Streaming services may be designed for binge-viewing, but that doesn't always mean you want to get sucked into a weekend of watching episode after episode of your favorite show, or fall prey to the recommendation algorithm as you watch the next movie suggested for you.
There's just not enough time to stream and be productive. So we picked out 13 movies from a variety of genres, on a smattering of platforms, to scratch your streaming itch without taking up more than an hour and a half of your time. As always, stream with caution.
Renowned animator Don Bluth (The Secret of NIMH, Anastasia) used the eyes of a mouse to tell a classic story of immigrants trying to live the American Dream. Fievel Mousekewitz leaves Ukraine with his family to settle in the United States, but he gets separated and struggles to reunite with them in hardscrabble New York City, which is not, as was promised, devoid of cats. An American Tail isn't exactly your typical, happy-go-lucky children's movie, but the difficulties of being an immigrant in America receive novel treatment in a beautifully styled adventure. Where to watch it: Stream on Netflix
The Devil's Candy (2017; 79 minutes)
The Devil's Candy had to wait almost two years after its 2015 premiere to get a wide release, but it landed on our best horror movies of 2017 list, so all's well that ends well. The same (maybe, no spoilers!) cannot be said for the new owners of a Texas farmhouse, who must contend with a disturbed previous owner in a tightly wound narrative that builds tension to nearly unbearable levels in less than an hour and a half. Where to watch it: Stream on Netflix
Dressed to Kill (1941; 80 minutes)
If you're a fan of old-school, B-movie crime thrillers, check out Dressed to Kill, which offers a breezy take on the genre. The events kick off when two murder victims -- one a producer, the other an actress -- are discovered wearing medieval garb. A complex investigation follows, filled with hidden motives, lies, and a dogged pursuit of the truth by private investigator Michael Shayne. And you won't even have to wait a full hour and a half for the brutal twist at the end! Where to watch it: Stream on Amazon Prime
Drinking Buddies (2013; 90 minutes)
This understated romantic comedy from mumblecore master Joe Swanberg centers on the intimate relationship between hard-drinking brewery colleagues Jake Johnson and Olivia Wilde, who both also happen to be dating other people (Anna Kendrick and Ron Livingston, respectively). The two relationships get progressively entangled over the course of the film. Although Drinking Buddies starts out looking like a traditional rom-com, Swanberg quickly subverts viewer expectations, resulting in a film that is romantic but surprisingly devoid of sap, funny without falling back on cheap gags. This is a movie that moves along in small moments: a lingering glance, an awkward silence, a stolen kiss. A crisp, refreshing little film. Where to watch it: Stream on Netflix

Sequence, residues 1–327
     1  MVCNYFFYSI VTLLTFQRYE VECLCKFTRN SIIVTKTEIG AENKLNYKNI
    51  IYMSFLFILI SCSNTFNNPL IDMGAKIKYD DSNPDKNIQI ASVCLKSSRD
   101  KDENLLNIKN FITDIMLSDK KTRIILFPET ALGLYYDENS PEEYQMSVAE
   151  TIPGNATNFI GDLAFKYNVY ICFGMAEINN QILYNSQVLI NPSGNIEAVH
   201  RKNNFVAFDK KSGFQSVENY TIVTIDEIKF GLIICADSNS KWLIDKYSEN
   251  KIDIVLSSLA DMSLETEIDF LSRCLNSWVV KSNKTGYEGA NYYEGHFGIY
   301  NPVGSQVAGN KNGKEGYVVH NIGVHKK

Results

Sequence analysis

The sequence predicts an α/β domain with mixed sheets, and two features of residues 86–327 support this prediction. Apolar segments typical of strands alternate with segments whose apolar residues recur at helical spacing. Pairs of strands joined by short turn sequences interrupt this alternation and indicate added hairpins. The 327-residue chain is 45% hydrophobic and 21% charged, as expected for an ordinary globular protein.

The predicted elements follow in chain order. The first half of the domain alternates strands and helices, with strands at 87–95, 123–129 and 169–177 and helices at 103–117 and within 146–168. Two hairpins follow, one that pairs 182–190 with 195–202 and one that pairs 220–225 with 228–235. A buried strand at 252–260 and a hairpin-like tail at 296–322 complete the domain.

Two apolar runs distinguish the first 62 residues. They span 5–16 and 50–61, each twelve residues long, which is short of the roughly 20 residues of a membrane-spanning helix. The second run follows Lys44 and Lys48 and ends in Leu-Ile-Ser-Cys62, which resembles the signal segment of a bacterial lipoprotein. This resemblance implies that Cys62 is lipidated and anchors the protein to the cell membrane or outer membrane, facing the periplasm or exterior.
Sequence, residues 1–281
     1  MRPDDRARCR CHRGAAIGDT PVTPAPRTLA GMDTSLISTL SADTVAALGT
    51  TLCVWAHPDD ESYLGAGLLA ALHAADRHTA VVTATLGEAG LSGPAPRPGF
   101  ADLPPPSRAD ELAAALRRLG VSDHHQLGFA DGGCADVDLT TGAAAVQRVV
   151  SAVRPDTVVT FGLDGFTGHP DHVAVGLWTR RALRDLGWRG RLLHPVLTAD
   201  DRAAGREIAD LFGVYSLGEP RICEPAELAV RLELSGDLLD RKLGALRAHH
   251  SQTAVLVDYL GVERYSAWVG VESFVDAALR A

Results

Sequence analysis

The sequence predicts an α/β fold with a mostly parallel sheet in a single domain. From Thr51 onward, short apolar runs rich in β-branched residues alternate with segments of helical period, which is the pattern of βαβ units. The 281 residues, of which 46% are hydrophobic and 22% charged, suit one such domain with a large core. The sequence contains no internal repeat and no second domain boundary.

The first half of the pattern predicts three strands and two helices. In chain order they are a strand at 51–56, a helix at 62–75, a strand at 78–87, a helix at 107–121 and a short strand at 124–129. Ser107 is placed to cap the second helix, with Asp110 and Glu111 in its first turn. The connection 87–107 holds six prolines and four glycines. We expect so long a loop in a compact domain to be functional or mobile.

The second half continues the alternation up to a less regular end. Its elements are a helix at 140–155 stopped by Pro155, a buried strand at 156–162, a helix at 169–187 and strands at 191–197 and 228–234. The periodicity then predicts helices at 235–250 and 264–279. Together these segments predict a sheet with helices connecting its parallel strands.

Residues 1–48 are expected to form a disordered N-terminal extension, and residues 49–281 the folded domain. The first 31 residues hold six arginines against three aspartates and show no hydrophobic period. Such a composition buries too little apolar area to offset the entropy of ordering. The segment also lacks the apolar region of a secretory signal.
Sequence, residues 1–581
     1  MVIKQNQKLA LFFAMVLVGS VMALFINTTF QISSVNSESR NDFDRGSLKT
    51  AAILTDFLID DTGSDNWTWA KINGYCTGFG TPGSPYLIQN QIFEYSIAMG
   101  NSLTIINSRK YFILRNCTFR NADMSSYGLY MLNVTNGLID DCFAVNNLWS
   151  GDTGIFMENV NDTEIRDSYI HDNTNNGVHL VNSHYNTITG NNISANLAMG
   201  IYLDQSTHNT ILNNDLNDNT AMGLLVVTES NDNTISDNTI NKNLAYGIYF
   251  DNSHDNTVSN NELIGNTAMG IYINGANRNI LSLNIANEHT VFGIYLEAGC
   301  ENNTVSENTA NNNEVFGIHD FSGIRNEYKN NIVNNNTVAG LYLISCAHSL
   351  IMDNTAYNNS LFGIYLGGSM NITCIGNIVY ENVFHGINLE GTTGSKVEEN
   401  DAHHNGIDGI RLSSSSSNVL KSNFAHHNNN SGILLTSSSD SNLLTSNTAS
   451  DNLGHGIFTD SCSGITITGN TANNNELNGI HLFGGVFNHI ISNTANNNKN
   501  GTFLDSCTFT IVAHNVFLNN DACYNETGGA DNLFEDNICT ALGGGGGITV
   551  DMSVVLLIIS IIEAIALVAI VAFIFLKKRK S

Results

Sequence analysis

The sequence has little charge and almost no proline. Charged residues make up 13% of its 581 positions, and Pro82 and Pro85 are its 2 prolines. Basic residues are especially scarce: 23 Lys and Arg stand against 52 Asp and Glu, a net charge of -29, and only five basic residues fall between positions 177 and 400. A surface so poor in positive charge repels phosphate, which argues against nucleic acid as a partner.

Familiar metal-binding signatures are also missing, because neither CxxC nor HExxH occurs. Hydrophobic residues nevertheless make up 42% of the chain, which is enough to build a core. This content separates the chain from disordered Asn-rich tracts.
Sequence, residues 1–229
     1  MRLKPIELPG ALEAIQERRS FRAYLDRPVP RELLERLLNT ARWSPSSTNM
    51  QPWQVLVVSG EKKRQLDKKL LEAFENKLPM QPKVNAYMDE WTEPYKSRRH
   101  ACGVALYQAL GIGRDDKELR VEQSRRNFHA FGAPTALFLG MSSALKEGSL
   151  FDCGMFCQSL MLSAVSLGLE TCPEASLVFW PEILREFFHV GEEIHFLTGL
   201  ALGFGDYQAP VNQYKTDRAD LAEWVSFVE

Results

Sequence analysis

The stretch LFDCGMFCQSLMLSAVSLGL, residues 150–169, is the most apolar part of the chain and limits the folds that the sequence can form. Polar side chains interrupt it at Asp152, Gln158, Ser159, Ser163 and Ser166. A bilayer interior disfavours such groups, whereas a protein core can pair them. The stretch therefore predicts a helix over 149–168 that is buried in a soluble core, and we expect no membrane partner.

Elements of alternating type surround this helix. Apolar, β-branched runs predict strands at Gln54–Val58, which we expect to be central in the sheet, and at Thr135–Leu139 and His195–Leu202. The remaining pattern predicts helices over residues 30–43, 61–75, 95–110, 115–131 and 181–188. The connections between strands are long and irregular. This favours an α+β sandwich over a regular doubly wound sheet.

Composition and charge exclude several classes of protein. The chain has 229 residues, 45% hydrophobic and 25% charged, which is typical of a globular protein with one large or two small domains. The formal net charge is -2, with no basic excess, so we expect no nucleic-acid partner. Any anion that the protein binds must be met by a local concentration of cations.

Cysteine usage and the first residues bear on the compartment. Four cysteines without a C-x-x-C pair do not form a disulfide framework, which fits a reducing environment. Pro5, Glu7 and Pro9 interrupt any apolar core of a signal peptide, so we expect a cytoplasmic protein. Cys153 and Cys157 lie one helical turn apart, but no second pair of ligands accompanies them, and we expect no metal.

Wes Anderson’s adapted Roald Dahl’s beloved children’s novel in the director's first stop-motion feature film. Featuring a sly George Clooney as the voice of the titular character, who’s been busy pissing off farmers for stealing their crop, the movie showcases a classic man-versus-woodland-critters conflict. It’s exactly what you would want out of an Anderson animated film, starring his typical cast of characters (Jason Schwartzman, Bill Murray, Owen Wilson, plus Meryl Streep) as the voices of anthropomorphized creatures. It’s also just plain cute. Where to watch it: Stream on HBO Go
Frances Ha (2012; 86 minutes)
Before winning hearts and Oscar nominations with her coming-of-age comedy Lady Bird, Greta Gerwig starred in the perfect companion film, about an aimless 27-year-old who hops from New York City to her hometown of Sacramento to Paris to Poughkeepsie and eventually back to New York in hopes of stumbling into the perfect job, the perfect relationship, and the perfect life. Directed by Noah Baumbach (The Meyerowitz Stories), and co-written by both, Frances Ha is a measured look at adult-ish life captured the kind of intoxicating black and white world we dream of living in. Where to watch it: Stream on Netflix
High Noon (1952; 85 minutes)